How to Decide:
Is Refinancing the Right Decision for You?
Because of ongoing events and the current low-interest rates being seen, many homeowners are contacting me and asking ...
"Would a Refinance of my present mortgage be a smart move?"
My answer to them is typically, "Well, it depends."
It's easy to see why most callers think my response should be a quick and simple yes or no.
Most articles I've run across do tend to portray it in that manner ... as "right or wrong" or in stark black and white terms, with an answer solely based on dollars and cents alone.
And that can be true in some cases. Interest rates have remained low (but volatile) for quite a while, and for some mortgage holders, an answer can be fairly obvious.
- May be able to save on monthly mortgage payments
- Years may be able to be shaved off of an original loan term
However ... (there always that however or but, isn't there?)
I've found that the answer to this timely and important question, while certainly entwined with financial considerations, is often based on events occurring in the life of the individual mortgage holder(s) at the time they are asking the question. And the answer, when found, is personal only to them.
Simply, there's typically "more to the story". And because of that fact, the answer received and actions taken by one client can never be a template for another's.
Each inquiring borrower has their own life with a differing set of circumstances and differing financial scenarios. Each has differing needs, different goals, and different outcomes that are called for.
Here are a few examples of the different scenarios that have driven decisions for past clients:
- Clients have changed jobs. (As a result, methods and frequency of salary/pay have changed)
- Client has inherited a large sum of money
- Clients wanted to consolidate mortgages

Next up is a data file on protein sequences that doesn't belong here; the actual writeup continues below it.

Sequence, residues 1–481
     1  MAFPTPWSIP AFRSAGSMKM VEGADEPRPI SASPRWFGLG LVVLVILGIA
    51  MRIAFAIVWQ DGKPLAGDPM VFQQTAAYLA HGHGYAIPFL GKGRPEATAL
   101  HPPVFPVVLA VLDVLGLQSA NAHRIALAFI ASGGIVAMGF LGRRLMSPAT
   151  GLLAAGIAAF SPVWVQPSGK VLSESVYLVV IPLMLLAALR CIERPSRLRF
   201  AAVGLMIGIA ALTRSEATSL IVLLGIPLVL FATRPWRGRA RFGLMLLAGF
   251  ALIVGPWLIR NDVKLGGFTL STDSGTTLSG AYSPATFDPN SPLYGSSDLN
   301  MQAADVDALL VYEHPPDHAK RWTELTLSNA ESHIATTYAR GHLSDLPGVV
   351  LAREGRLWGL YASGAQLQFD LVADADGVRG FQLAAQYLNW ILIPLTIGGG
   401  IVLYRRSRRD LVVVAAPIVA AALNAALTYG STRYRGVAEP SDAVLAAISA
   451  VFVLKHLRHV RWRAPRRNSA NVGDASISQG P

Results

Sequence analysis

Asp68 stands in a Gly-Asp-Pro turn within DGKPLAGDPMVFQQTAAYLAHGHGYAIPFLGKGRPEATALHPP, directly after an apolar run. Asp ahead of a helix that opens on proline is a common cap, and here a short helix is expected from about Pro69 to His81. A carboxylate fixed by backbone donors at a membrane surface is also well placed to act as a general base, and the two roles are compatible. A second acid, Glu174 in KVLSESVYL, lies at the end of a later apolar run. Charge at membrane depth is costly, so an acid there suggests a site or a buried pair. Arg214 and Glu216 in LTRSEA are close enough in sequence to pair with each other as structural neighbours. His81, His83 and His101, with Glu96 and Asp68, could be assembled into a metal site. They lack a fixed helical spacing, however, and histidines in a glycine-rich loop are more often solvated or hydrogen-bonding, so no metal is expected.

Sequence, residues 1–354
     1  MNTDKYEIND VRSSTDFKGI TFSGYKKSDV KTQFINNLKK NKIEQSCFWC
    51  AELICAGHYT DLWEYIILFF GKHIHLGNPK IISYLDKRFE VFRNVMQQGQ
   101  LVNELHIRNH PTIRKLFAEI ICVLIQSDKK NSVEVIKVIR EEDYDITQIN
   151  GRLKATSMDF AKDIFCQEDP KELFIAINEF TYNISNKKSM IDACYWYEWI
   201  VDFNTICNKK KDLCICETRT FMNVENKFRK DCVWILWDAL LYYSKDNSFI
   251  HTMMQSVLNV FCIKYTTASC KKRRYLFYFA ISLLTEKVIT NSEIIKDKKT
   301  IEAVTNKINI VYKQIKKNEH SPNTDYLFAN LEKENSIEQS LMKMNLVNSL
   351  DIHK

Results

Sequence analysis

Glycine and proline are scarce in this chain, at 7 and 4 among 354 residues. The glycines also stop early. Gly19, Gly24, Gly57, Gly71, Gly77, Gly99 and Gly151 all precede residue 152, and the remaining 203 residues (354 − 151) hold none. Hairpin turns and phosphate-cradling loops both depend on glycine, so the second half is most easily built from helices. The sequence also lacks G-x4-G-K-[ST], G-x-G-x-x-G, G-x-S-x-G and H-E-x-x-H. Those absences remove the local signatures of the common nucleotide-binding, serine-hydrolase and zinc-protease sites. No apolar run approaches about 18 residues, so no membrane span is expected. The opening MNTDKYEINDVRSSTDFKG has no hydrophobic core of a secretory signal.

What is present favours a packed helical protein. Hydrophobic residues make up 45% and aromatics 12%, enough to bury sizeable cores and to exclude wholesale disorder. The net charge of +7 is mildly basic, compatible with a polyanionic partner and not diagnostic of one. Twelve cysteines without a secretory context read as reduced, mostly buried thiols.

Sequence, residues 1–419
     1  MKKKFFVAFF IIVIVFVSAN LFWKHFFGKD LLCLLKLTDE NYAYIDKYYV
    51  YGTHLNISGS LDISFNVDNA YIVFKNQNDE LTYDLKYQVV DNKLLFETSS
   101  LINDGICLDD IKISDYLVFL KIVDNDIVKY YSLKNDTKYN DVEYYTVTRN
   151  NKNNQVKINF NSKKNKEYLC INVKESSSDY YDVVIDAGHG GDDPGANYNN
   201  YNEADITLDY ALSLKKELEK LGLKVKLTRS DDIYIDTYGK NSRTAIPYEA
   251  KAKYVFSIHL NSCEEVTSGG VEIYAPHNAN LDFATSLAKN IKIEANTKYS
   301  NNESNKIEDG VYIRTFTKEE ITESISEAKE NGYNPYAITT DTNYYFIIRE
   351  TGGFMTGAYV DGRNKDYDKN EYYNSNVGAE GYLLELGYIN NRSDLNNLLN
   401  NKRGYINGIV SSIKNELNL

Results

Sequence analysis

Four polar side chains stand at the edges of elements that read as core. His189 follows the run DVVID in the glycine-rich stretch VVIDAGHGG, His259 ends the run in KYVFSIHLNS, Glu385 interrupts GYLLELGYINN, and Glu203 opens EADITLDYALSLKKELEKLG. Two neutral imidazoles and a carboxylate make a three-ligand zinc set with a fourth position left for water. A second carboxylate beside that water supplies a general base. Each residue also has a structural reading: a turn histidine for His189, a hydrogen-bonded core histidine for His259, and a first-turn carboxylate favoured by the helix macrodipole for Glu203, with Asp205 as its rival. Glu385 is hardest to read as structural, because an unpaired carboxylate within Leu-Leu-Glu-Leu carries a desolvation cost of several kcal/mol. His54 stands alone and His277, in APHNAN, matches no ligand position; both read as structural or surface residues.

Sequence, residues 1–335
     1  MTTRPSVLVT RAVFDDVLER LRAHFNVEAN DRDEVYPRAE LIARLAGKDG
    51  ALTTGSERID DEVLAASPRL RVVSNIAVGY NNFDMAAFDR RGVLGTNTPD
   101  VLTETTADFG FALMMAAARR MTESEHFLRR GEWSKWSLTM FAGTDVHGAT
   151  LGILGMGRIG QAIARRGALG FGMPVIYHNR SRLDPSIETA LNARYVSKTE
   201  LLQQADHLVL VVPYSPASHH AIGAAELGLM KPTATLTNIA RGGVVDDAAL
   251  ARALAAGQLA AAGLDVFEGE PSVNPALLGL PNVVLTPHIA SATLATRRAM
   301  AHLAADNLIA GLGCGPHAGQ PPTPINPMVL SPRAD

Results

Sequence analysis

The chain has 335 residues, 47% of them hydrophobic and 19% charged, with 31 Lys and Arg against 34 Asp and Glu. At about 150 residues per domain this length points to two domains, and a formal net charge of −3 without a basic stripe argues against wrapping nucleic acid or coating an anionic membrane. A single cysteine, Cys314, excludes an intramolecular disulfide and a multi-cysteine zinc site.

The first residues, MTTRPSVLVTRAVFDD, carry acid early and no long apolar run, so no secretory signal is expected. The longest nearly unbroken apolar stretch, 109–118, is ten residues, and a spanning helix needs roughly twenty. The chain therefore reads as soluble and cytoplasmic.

- Clients wanted to change loan types/products
- Clients divorced (Buy-out partner/spouse)
- College costs have loomed for children
- Remodeling was needed
- A Family member added (or removed) on the loan
- HELOC came due, terms changed, etc.
- Reduce 30-year loan to a 20 year or 15-year term
- More ...
Often the real driving force behind their inquiry and refinancing is "life" itself ...
But no matter "the why" behind the question, there is one simple truth. All Lenders should require that basic information be assessed for their client prior to making an assessment of viability for refinancing.
So, what info should you have available for your Lender when you contact them regarding a Refinance? That info includes:
- Current mortgage interest rate held
- Current loan balance to be paid
- Current Mortgage Escrow(s) balance
- Equity held in the home
- Current Credit Scores (or allow Lender to Pull Credit)
- Remaining term of Mortgage held (or the Original Loan Term)
- Current Mortgage Payment (Does it include PMI?)
- Current outstanding Debt (DTI/Debt-To-Income)
- More ...
Other information that must be considered, as with any mortgage, is that Closing Costs will be incurred. Those costs will typically include:
- An Appraisal Fee
- Title Insurance costs
- Taxes (if Escrowed and a part of the payment)
- Homeowner's Insurance (same as above w/ taxes)
- Loan Origination Fee
- Any costs specific to the individual Borrower (For example: If a borrower decides to pay points to obtain a lower rate)
Closing Costs incurred while refinancing can be paid in varying ways. Payment can be made at the time of Closing. It's also possible to "roll payment into" the new refinance loan itself. All these factors, plus all financing options available, will then be thoroughly analyzed.
Here's a simple method of analyzation I've found that often proves helpful to my clients when considering a Refinance:
- Projected Future Savings @ Proposed Interest Rate = $_____/Month
- Projected Savings if PMI is dropped $_____
- Savings realized/year after Refinancing = $____
- How many years it takes to recoup the cost of the loan/ Refinance = X
- Answers above = Your Answer